3.3.3 Optimisation Algorithm and Implementation
The maximum likelihood estimates are obtained using an extended Levenberg-Marquardt algorithm (Marquardt, 1963) because of its robustness and good convergence rate. At each iteration , if necessary, the Hessian matrix is diagonal-inflated to obtain a positive definite matrix which is used to update the parameters , with the gradient at iteration and the improvement control parameter. Convergence is reached when , and , with the total number of parameters. The latter criterion is by far the most stringent one and specifically targets maximum search. The variances of the estimators are obtained from the inverse of .
Given the possibly high number of parameters, we first estimate the parameters for each process taken separately, then we start the maximization of the likelihood of the multivariate model from these simple estimates, setting initial values of the inter-dimension parameters to zero. The model estimation is implemented in R (program available on request); it combines R and languages, and includes parallel computations.
3.4 Marginal and subject-specific predictions
The goodness-of-fit of the model can be assessed by comparing predictions with observations of the markers in their transformed scales. From notations defined in section 3.3.1, marginal and conditional distributions of the markers are:
where is the block-diagonal matrix constituted of blocks.
The marginal () and subject-specific () predictions in the transformed scales are then respectively obtained by taking the expectations of the marginal and conditional distributions of the transformed markers at the parameter estimates and at the predicted latent processes of given the observations : where is the covariance matrix between and .
Using these individual predictions, one can graphically compare either the marginal predictions or subject-specific predictions averaged within time intervals to the observations averaged within the same time intervals. Marginal and subject-specific predictions in the natural scale of the markers can also be derived from the marginal and conditional distributions by using a Monte-Carlo approximation (Proust-Lima et al., 2013).
We performed two series of simulations to evaluate the estimation program and the impact of time discretization on the interpretation of matrix.
4.1 Simulation Study 1: Validation of the estimation program
To evaluate the estimation program, we generated a system of two Gaussian processes ( and ), each one measured by one longitudinal marker ( and ) and two covariates, one binary and one continuous . We considered two scenarios: a covariate-specific temporal influence structure (Scenario 1) and a time-dependent temporal influence structure (Scenario 2). In Scenario 1, we assumed linear trajectories over time for the system of latent processes (random intercepts and simple effects of both covariates in the sub-models for the initial level and the change over time) and a temporal influence structure different in each level of :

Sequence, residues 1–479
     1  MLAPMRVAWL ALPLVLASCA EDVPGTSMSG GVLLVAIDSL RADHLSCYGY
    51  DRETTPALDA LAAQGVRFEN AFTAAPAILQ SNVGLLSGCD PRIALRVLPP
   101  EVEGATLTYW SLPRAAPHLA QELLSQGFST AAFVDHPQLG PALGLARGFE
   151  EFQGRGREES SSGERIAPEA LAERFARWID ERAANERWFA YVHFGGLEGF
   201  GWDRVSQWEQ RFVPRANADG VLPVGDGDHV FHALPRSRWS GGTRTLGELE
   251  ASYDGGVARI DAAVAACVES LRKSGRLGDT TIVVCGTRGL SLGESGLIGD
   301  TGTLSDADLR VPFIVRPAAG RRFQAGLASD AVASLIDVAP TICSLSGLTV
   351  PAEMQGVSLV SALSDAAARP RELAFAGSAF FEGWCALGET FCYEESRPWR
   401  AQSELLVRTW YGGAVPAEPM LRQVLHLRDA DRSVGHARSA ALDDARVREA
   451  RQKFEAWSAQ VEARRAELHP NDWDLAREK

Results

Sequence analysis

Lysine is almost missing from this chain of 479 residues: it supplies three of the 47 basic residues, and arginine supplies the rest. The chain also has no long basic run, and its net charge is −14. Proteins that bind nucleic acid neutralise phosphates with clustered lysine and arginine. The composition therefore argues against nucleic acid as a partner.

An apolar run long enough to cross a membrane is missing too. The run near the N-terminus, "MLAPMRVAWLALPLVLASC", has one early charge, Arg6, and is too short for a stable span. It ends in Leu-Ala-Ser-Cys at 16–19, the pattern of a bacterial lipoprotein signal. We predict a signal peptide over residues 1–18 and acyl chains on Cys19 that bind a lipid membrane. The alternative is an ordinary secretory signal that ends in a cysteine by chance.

where , and with such that the random effects are independent between dimensions, and ), .
In scenario 2, we assumed linear trajectories for the latent processes adjusted for and a transition matrix that evolved with time:
where , and with such that the random effects are independent between dimensions, and ), . Each element of the transition matrix is defined from a basis of quadratic B-splines with one internal knot at the median so that , .
The design of the simulations and the parameters were chosen to mimic the ADNI data. Dimensions 1 and 2 were cerebral anatomy and cognitive ability, respectively measured by a specific composite score. Covariate. Covariate
corresponded to the standardized age at baseline and was generated according to a standard Gaussian distribution. We considered a discretization stepof 6 months. Markers observations were generated every 6 months up to 3 years. Thus a subject had 7 repeated measures at occasions . We also considered a design in which scheduled visits could be missed completely at random with a probability of 0.15, and when a visit was not missed, a marker could be missing with a probability of 0.07. For each design and scenario, we generated 100 samples of 512 subjects.
Table 4 and Table 1 provide the results of the simulations for scenarios 1 and 2 respectively. In both settings, all the parameters were correctly estimated with satisfying coverage rates in the absence of missing data (left part) and in the presence of missing data (right part).
|without missing values (conv=100%)||with missing values (conv=98%)|